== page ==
Kathryn Petralia and her Kabbage teammates have expanded their online “garden” with Karrot, an automated consumer lending service built on the same online lending engine that enables the Kabbage small business lending service. Karrot promises loans potentially “in minutes,” plus online delivery of funds to consumers’ accounts by the next day.
Kabbage, subject of “Kabbage looking to expand patch” last February, launched in mid-2011 as an online source of funding for online retailers. It has steadily expanded the scope of its operations. Today Kabbage says it has funded over $400 million in small business credit needs—double the volume as of the earlier article. Kabbage provides lines of credit from $500 to $100,000. Borrowers can even access Kabbage via mobile devices using an app.
Karrot Personal Loans, by contrast to Kabbage business loans, are not lines of credit, at least at this time. The service, which had a soft launch in September but which has not been marketed extensively yet, currently offers unsecured personal installment loans of up to $35,000 for terms of 36 or 60 months.
Karrot loans come at fixed rates that are risk-priced, and they can be obtained at rates as low as 6.44% APR. Funding comes from institutional investors, with the loans being made initially by Celtic Bank, a Utah industrial bank.
Debt consolidation tops so far
Petralia, co-founder of Kabbage, says that applicants are asked the purpose of the loans, but that this is for the company’s research purposes and does not affect the loan decision or structure.
On its website Karrot promotes the loans for everything from an alternative to traditional auto loans to covering medical expenses of a pet.
Regarding that, the reader-friendly site states: “We understand that Spike is your furbaby, and he sometimes swallows socks. Get a Karrot loan for those unexpected vet bills.”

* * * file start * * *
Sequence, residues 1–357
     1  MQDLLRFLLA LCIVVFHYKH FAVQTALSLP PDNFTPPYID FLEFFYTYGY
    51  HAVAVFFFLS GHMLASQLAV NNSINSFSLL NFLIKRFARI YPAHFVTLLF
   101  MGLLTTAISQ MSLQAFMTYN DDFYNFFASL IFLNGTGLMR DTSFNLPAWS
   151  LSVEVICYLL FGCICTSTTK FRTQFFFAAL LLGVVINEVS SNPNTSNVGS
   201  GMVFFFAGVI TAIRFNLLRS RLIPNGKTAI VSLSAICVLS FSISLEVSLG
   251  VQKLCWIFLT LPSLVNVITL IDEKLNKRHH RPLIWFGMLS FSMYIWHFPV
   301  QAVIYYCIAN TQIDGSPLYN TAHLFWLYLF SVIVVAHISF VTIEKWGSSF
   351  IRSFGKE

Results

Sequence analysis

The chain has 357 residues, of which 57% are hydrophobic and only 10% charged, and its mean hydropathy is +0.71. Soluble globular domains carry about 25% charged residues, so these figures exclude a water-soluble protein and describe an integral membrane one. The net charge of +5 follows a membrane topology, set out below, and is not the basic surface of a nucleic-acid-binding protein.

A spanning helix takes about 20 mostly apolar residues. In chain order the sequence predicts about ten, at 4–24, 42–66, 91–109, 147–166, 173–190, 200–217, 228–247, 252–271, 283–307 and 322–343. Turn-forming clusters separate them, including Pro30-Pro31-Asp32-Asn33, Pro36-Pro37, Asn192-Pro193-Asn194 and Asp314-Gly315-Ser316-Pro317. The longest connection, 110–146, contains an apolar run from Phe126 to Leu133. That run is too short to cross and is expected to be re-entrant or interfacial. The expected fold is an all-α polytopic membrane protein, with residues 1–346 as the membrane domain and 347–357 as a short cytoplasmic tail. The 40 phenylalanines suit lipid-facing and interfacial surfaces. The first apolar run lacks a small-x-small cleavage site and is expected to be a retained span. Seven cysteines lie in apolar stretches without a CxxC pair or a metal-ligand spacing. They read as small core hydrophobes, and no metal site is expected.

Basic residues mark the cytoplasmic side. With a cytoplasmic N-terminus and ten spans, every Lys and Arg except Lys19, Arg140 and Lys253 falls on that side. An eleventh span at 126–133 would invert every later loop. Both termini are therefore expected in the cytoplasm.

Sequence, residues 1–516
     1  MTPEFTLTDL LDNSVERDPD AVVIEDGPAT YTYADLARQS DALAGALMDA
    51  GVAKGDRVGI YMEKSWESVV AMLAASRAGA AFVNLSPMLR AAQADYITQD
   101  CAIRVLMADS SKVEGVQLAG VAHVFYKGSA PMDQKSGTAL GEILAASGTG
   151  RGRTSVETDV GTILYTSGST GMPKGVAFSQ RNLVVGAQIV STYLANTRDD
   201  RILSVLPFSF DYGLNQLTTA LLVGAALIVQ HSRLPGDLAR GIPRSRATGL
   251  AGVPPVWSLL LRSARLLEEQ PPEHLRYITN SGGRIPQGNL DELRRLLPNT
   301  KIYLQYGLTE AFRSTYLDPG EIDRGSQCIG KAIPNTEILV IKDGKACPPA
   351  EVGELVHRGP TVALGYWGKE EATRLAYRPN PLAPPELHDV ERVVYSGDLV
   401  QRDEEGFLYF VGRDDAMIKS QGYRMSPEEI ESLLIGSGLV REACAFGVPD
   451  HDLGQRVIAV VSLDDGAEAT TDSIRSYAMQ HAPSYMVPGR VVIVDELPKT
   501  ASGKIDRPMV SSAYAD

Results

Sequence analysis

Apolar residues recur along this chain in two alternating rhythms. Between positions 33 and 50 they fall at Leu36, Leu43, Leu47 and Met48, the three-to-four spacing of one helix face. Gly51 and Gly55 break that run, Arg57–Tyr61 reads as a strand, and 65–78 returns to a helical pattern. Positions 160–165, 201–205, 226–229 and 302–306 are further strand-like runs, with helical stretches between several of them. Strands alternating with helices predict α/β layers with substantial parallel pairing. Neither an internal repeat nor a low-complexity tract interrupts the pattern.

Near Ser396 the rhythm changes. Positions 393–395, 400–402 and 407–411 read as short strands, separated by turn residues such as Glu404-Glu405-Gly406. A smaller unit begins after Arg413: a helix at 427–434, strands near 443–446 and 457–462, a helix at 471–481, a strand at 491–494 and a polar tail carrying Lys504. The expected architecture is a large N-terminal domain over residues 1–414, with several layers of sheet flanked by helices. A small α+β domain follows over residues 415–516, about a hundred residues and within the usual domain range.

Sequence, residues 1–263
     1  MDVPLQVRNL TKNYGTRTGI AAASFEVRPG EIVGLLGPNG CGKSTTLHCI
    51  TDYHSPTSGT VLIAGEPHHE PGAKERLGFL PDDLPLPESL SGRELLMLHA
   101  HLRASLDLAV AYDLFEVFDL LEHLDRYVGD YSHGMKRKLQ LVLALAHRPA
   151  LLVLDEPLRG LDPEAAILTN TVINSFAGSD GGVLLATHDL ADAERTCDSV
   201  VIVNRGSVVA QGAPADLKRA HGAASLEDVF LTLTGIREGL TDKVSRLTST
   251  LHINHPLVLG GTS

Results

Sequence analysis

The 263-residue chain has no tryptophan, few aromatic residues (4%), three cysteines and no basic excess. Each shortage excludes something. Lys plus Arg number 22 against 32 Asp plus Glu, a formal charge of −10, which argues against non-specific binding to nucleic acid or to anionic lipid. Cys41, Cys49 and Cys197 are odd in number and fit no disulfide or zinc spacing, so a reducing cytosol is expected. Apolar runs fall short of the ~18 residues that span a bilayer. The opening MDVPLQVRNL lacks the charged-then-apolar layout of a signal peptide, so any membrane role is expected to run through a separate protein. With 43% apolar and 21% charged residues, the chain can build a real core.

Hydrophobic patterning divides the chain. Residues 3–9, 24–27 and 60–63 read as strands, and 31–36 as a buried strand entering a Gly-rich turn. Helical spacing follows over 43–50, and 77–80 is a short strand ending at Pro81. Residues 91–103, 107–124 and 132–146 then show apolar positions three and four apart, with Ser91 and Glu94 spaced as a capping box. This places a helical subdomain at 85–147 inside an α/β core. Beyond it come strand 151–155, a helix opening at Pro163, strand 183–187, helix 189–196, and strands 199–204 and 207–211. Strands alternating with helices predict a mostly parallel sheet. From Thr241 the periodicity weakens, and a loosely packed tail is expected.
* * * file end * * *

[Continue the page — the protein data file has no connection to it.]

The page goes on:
At this time, one borrower can obtain one loan through the automated platform. Petralia says requests for additional credit could be considered, but that would require human interaction.
By far, Petralia says, borrowers report using the loans to enable debt consolidation. Many also are using the service for home improvement credit. Petralia sees this as a substitute for home equity credit, which has become less available in many areas.
Petralia says the service aims for prime customers—FICO mid-600s and up—at this time, and she believes one advantage, beyond speed, compared to bank lending is that Karrot will make smaller loans than some banks will.
Karrot’s kompetitive position
“The biggest reason to use Karrot is speed,” says Petralia. “Our process is completely automated.” But availability is also important, she explains. Credit cards have become harder to get, taking away the option of cash advances and large credit card purchases from some segments. She sees online lenders like Karrot as filling the gap.
Regarding that, Petralia says that she sees this product as a strong competitor to the online Prosper and Lending Club. Prosper’s website states that over $1.6 billion in loans have been made, currently at a best rate of 6.75% APR. Lending Club has made over $5 billion in loans; the site does not make a statement concerning specific rates.
“There’s a big market out there,” says Petralia.
Separately, Petralia says Kabbage continues to explore deals to white-label the company’s platform for banks.